The Rundown: The ‘Sesame Street’ Deserted Island Conundrum, Solved

03.22.19 4 months ago

Jim Henson

The Rundown is a weekly column that highlights some of the biggest, weirdest, and most notable events of the week in entertainment. The number of items will vary, as will the subject matter. It will not always make a ton of sense. Some items might not even be about entertainment, to be honest, or from this week. The important thing is that it’s Friday and we are here to have some fun.

ITEM NUMBER ONE — Let’s settle this once and for all

Earlier this week, when we were all still innocent and blind to the potential horrors of living in permanent isolation with beloved characters from a long-running children’s television series, someone on the Sesame Street social media team logged into Twitter and put this into the world.

Nothing has been the same since. Nothing will ever be the same. How can it be, with this type of question ping-ponging around our brains forever, like a screensaver where an item bounces around off the sides of the screen and never quite lands exactly in a corner, even when it looks like it might, infuriating anyone with OCD or a semi-regular diet of edibles? I… I do not want to be stranded on a desert island, at all, with anyone, even a Muppet. But thanks to this tweet, it’s all I’ve been thinking about this week. Welcome to the future. It’s terrifying.

Anyway, the post caught fire. The masses weighed in. Celebrities weighed in. Everyone had opinions that were held very firmly. The medium was not ideal, though. You can’t answer something this complex in 280 characters. There are layers to peel back here, high-level analysis at every turn. Someone needs to unpack this. Really get in there. Luckily (kind of), I have a weekly column and an editor who rarely says no to me, so I will be that person. Let’s settle this once and for all.

First things first, Elmo is out. It’s nothing personal. I love Elmo. Everyone loves Elmo. But there are only two ways this whole thing can go. In one, Elmo’s relentless positivity begins to wear on you around week three of being marooned on an island. You suck it up and deal with it, though, because like, it’s Elmo. It’s his thing. But time goes on — weeks, months, years, heaven forbid — and you start to crack. This is your fault, not his. You’re the weak one. And one day, when Elmo comes back from the food search with a smile and a single rotten coconut, you finally snap and heave his tiny fuzzy body into the ocean. He survives, thank god, but things get weird. You can’t come back from that. And, if you do ever get rescued, you can’t have Elmo, American Treasure, telling that story to Ellen on national television. It won’t do. You’ll be canceled so fast.

The other way it could go is the hopelessness of the situation getting to Elmo and Elmo getting catastrophically depressed. That’s… unsettling. I do not want to think about a depressed Elmo. He’s out.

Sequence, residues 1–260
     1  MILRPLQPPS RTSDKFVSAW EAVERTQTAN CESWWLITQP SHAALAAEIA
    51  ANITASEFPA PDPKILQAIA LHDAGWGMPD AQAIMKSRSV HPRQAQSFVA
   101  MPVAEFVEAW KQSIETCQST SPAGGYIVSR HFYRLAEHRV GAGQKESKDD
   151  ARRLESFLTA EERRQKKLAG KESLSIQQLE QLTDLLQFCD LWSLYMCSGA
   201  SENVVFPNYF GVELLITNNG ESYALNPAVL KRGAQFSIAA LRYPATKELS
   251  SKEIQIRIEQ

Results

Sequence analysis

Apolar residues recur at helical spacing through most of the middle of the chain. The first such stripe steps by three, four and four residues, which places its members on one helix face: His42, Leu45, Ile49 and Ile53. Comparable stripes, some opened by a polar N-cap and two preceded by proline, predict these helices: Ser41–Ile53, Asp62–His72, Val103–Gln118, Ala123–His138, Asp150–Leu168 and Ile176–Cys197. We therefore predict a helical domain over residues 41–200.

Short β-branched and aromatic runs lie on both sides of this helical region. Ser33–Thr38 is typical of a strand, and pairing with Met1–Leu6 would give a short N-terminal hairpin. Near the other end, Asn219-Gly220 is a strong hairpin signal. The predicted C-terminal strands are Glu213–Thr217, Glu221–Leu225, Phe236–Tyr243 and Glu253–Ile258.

Next up is Cookie Monster. He’s out, too. This one is easy. He’s a glutton and a lunatic. He’ll eat all the food and stare at you with his googly eyes. He’s also the largest of the characters offered up in the hypothetical, which causes another set of problems. What if, when the hunger really sets in, he looks at you one day and his addled brain changes the vision of your human body into a large cookie? What if a crazed Cookie Monster charges at you with menace in his eyes and drool on his lips? What then, hotshot? Can you take the Cookie Monster? I’m not sure you can.

So then, maybe Grover? Grover is pretty cool. Incompetent and clumsy as all heck, sure, but pretty cool and laid back. Grover wants to help, man. He’s not always great at the execution, but he’s trying. That’s a personality I can deal with if I’m stuck on an island. If I’m there forever with no hope of escape, Grover is my choice. If escape is an option, though, we run into what I’ll call the Super Grover problem.

We remember Super Grover, yes? Cape, ability to fly, other powers that one would assume could be useful in a deserted island situation? Sounds great. And it would be, if not for the thing where Super Grover is also incompetent and clumsy and rarely ever successful in a mission. Imagine how infuriating that would be. You’d be like “Okay, Super Grover, remember. You fly off the island, in any direction, it doesn’t matter, and you find the first person who looks like they can help. Got it?” and then Super Grover would wash up on shore three weeks later covered in seaweed, alone, again, with no great explanation how any of it happened. I’d scream. Not sustainable.

That leaves Oscar the Grouch. You’d think Oscar would be a terrible choice. His attitude and general demeanor are not conducive to your long-term island-based mental health. But — BUT — he does have that trash can. You get some wood, some makeshift string, fashion a flotation evict out of it, you can put the trash can on top and row to safety. You can put the lid over your head if it storms, too. It’ll be an annoying trip, for sure, with all of his comments. But you can do it. For freedom.

Oscar the Grouch is the only logical choice.

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